Alternative Programs for People Who Don't Qualify for Food Stamps

Christian Worstell
In this article...
  • Certain individuals may not meet the requirements to qualify for food stamps. Find out about additional programs that may offer free or low-cost food items.

In 2023, approximately 41 million people in the United States face some form of food hardship. The Supplemental Nutrition Assistance Program (SNAP) provides financial assistance to individuals who meet certain income criteria, but not all people qualify. 

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Are There Other Programs If I Don’t Qualify for Food Stamps?

For those who don't qualify for food stamps, there are several other programs in the United States, including the Senior Farmers' Market Nutrition Program, the Commodity Supplemental Food Program, the Emergency Food Assistance Program and the Child and Adult Care Food Program.

These programs offer nutritious food at no cost to help low-income individuals and families struggling with food hardship. Below is a rundown of each program.

Senior Farmers' Market Nutrition Program

The Senior Farmers' Market Nutrition program (SFMNP) provides fresh fruits, vegetables, herbs and honey to older adults aged 60 and above. To qualify, a recipient's household income cannot exceed 185% of the federal poverty income level. guidelines.

Twenty-seven states and two tribal nations currently participate in this program, and all fruits and vegetables provided are locally grown.

The Commodity Supplemental Food Program (CSFP)

The Commodity Supplemental Food Program (CSFP) provides monthly food packages to seniors age 60 and over. The program is designed to help older adults who meet certain income guidelines maintain healthy diets with USDA food items.

The food boxes contain healthy items such as fruits, vegetables, cheese, plant-based proteins and grains. All food boxes are distributed to participating states and Indian Tribal Organizations through the USDA. 

The Emergency Food Assistance Program/Local Food Banks

The United States is home to over 200 food banks that provide food for low-income individuals through over 63,000 agencies. The Emergency Food Assistance Program (TEFAP) provides U.S. food banks with commodity food items, and the banks then serve the public directly or distribute food to soup kitchens, shelters and nonprofits that provide assistance in local communities.

In most cases, there are no eligibility requirements for people to visit food banks or food pantries, but they may need to self-certify that they are experiencing food hardship.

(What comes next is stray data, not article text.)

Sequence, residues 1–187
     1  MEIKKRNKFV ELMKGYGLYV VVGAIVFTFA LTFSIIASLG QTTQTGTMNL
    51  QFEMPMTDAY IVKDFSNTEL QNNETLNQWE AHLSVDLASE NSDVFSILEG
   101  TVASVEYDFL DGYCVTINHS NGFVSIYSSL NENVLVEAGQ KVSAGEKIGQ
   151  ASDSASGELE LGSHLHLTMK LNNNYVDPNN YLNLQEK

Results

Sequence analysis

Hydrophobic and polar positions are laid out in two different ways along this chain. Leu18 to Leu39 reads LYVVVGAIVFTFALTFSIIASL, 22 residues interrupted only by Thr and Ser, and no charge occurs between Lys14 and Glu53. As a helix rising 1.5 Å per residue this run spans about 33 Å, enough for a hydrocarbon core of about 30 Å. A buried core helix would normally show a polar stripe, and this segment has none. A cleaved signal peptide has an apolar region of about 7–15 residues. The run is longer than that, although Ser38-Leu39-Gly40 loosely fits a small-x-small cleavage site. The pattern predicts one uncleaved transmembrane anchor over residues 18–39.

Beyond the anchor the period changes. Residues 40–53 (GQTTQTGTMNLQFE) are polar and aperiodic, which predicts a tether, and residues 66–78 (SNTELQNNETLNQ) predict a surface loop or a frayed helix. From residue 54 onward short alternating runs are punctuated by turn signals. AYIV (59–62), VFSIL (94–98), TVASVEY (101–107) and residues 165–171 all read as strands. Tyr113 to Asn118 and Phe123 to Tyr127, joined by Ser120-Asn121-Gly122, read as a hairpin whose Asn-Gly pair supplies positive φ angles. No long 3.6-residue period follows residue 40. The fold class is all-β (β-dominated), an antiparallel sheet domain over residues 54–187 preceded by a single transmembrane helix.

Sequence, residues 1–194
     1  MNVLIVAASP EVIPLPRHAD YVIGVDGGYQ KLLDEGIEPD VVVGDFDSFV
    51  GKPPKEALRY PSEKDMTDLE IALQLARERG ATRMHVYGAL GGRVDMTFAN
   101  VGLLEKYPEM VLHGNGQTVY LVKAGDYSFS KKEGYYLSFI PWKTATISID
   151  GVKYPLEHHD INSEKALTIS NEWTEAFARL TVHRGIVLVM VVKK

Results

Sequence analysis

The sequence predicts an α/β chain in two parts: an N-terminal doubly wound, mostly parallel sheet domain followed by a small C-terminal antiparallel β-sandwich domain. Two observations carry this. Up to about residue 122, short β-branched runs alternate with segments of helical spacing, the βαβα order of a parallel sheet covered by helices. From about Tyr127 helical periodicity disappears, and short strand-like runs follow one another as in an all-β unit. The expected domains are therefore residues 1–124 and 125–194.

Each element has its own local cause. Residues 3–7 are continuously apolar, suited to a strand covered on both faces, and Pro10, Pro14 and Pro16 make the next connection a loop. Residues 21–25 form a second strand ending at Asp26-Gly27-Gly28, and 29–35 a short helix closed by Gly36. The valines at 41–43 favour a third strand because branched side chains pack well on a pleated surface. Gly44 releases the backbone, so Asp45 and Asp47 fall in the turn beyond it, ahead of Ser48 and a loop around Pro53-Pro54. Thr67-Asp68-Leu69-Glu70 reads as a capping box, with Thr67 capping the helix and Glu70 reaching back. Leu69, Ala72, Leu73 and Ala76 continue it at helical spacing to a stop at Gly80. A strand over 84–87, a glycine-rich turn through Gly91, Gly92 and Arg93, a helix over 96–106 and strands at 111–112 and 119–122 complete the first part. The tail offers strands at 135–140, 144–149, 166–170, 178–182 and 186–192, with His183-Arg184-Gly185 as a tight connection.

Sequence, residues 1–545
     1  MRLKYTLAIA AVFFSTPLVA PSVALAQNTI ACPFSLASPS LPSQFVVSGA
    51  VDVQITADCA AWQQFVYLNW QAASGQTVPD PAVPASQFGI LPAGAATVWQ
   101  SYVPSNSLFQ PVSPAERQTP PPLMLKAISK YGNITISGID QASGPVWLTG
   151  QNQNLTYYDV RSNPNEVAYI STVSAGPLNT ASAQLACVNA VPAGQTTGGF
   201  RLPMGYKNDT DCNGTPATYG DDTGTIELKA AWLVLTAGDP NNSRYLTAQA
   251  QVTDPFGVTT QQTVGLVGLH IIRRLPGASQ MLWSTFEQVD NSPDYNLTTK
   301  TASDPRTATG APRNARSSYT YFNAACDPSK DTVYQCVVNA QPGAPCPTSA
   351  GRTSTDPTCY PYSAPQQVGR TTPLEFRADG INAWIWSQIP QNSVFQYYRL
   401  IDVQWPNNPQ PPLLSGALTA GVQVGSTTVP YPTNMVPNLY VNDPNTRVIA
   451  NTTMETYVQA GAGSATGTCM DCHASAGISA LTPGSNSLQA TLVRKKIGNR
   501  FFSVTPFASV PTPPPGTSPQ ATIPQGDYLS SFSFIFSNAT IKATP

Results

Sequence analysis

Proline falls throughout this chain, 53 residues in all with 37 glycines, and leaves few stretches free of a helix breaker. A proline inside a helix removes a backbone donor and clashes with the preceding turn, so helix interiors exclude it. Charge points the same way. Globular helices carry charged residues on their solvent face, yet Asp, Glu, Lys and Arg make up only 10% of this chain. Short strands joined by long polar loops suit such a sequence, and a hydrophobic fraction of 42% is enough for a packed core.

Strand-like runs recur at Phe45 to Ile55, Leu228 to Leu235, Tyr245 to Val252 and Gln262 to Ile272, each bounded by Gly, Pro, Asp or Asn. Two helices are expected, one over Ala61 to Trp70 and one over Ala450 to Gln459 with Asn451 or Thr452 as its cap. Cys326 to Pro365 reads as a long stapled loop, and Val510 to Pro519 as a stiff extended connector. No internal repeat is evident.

Child and Adult Care Food Program (CACFP)

The Child and Adult Care Food Program is specifically designed to provide nutritious food to low-income children in daycare centers, shelters and after-school programs and low-income adults in adult daycare centers.

Healthy food and snacks are distributed to participating daycare centers, shelters and after-school programs that meet meal pattern standards.

What Is the Maximum Income to Qualify for SNAP?

The maximum gross monthly income for single individuals to qualify for SNAP in 2023 was $1,580, with a monthly net income limit of $1,215. The maximum gross monthly income for a household with two people was $2,137, and the monthly net income limit was $1,644.

The maximum amount increases with each additional household or family member, and the total monthly gross income limit for households is typically equal to 130% of the federal poverty level

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Christian Worstell
About the Author

Christian Worstell is a senior Medicare and health insurance writer with He is also a licensed health insurance agent. Christian is well-known in the insurance industry for the thousands of educational articles he’s written, helping Americans better understand their health insurance and Medicare coverage.

Christian’s work as a Medicare expert has appeared in several top-tier and trade news outlets including Forbes, MarketWatch, WebMD and Yahoo! Finance.

While at HelpAdvisor, Christian has written hundreds of articles that teach Medicare beneficiaries the best practices for navigating Medicare. His articles are read by thousands of older Americans each month. By better understanding their health care coverage, readers may hopefully learn how to limit their out-of-pocket Medicare spending and access quality medical care.

Christian’s passion for his role stems from his desire to make a difference in the senior community. He strongly believes that the more beneficiaries know about their Medicare coverage, the better their overall health and wellness is as a result.

A current resident of Raleigh, Christian is a graduate of Shippensburg University with a bachelor’s degree in journalism. You can find Christian’s most recent articles in our blog.

If you’re a member of the media looking to connect with Christian, please don’t hesitate to email our public relations team at

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